This is what I call the old white man segment. Two different entities, two different parts of town, exact same ideals. Both of these gentlemen have retired and their places are closed for business, but I would trade anything to eat at them just one last time. First, I would go for an early lunch at Uglesich’s. This family run establishment in the not so best part of town did traditional classics the right way. Fried green tomatoes were always steaming hot yet firm upon delivery to your table. The seafood dishes were so fresh that the fish may have been literally swimming in nearby marshes earlier that morning. One always received a freshly shucked oyster with their meal, which was opened in front of your eyes while ordering. My fondest memory of Uglesich’s stems from a visit when the seafood was being delivered. The softshell crabs were still alive; their air bubbles were still coming from their limited respiratory system while they were awaiting a dredging and a dip into some piping hot oil. If you’re amazed by fresh lobster, fresh crabs awaiting their untimely demise will always force you to change your order.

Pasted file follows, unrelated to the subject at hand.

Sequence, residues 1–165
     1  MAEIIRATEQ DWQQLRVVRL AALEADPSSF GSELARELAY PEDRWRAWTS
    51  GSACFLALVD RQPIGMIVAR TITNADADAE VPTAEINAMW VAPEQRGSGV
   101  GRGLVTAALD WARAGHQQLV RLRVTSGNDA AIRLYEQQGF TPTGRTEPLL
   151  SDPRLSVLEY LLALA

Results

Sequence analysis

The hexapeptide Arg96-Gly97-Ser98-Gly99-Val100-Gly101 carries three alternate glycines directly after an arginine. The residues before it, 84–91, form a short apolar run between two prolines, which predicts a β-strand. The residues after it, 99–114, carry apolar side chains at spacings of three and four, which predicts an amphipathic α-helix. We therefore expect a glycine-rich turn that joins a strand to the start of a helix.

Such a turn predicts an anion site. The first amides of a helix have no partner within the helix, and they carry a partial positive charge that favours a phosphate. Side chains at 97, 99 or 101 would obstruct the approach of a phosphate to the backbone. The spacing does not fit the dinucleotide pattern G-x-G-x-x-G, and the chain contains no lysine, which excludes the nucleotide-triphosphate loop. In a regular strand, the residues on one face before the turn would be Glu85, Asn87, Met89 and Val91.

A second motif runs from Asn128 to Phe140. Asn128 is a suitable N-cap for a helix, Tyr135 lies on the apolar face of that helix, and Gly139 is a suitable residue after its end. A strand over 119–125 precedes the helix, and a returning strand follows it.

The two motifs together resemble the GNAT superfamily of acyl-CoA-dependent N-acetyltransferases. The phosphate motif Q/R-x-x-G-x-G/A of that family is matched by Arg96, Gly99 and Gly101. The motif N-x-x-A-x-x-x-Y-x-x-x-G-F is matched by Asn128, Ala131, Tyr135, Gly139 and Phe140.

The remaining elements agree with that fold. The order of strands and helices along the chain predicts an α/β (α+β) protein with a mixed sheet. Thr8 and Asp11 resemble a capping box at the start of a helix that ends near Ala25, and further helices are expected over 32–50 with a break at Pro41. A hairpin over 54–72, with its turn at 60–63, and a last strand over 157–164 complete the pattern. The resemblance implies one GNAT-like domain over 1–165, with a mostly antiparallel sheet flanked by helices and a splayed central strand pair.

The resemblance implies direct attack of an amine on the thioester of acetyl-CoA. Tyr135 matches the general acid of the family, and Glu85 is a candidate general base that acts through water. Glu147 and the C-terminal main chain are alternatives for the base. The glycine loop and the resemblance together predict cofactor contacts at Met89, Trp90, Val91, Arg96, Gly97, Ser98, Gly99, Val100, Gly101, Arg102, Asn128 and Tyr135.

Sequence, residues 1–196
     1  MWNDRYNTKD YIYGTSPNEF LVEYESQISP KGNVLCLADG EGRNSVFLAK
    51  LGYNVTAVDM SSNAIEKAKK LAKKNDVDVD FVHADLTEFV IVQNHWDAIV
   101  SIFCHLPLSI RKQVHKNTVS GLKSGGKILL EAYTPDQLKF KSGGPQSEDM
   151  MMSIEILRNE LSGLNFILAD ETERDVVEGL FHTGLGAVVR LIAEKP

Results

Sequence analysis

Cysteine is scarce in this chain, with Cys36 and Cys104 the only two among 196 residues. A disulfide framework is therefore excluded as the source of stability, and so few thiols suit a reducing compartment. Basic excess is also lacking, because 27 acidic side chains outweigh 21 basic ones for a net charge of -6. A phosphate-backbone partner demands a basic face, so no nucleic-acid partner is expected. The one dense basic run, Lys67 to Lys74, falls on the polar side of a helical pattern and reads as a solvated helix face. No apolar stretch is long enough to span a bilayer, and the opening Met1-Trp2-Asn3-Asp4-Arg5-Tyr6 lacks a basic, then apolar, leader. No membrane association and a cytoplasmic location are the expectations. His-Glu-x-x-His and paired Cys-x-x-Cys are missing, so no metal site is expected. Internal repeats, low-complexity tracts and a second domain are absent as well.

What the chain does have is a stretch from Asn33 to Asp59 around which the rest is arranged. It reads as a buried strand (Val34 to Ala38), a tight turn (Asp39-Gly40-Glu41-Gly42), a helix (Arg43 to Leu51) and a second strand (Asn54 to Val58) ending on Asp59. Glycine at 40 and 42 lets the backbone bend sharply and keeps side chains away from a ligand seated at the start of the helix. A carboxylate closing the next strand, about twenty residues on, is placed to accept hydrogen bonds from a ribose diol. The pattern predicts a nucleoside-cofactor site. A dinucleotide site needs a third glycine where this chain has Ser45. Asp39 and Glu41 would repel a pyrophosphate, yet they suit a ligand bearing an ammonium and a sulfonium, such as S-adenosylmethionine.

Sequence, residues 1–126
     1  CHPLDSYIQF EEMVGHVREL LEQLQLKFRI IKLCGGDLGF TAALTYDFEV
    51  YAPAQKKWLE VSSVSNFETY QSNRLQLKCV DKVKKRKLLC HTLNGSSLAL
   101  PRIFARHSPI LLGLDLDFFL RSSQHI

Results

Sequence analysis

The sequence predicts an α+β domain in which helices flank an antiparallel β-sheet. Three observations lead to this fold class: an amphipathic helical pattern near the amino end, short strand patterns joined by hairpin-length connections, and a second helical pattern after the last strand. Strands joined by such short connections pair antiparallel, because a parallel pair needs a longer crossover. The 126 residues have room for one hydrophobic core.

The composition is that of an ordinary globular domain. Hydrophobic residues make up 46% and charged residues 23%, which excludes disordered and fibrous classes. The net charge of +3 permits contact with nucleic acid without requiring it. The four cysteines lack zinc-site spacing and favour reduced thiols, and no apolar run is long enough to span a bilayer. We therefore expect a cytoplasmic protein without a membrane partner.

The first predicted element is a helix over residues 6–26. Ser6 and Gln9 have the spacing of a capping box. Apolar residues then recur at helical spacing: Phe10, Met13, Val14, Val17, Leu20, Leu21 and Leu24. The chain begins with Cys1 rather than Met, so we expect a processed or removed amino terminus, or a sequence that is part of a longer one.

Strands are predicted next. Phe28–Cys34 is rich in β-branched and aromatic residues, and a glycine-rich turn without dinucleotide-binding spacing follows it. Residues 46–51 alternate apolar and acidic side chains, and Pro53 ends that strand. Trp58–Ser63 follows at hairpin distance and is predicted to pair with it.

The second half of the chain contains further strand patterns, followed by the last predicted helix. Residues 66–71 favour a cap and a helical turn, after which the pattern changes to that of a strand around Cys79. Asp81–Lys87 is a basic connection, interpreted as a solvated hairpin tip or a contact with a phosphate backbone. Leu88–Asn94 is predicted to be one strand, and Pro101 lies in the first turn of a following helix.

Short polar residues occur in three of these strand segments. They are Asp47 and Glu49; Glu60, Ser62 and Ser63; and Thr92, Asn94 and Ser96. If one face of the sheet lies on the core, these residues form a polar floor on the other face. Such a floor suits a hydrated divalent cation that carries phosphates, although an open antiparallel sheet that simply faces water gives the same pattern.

Second, I would have to go with, in my opinion, the greatest po boy shop in town. I know this will be met with much chagrin, but hear me out. I lived in Lakeview on the lower side of the I-610 and tracks. We didn’t go to Lovecchio’s, Charlie’s or Landry’s. We went to old man Weaver, who made sno balls with a well worn Rolex dangling from his wrist. Mr. Weaver exemplified all there will ever be needed to know concerning the small family business in this town. Mr. Weaver came to work relatively early to start cooking his roast beef, which was the finest in the city. His gravy was that of legends. But he didn’t stop there. Mr. Weaver would buy an entire bone-in ham and slice it himself. This would encompass the protein in the best grilled ham and cheese po boy I’ve ever tasted. Bliss could be found with his hamburger po boy. Mr. Weaver would grind up the leftover ham parts after the butchering and would add to his ground beef. What ensued was the finest tasting hamburger one could eat. The grilled onions contained a sweet flavor that contrasted fabulously with other such excesses as bacon and cheese. Other significant traits include usually scoring the best bread from the bakery and a flat top that charred burgers and ham alike. What Mr. Weaver didn’t do that could cause a rift was his lack of attention to seafood. But Mr. Weaver, a butcher at heart, knew what his specialties were and lived (Rolex-style) well.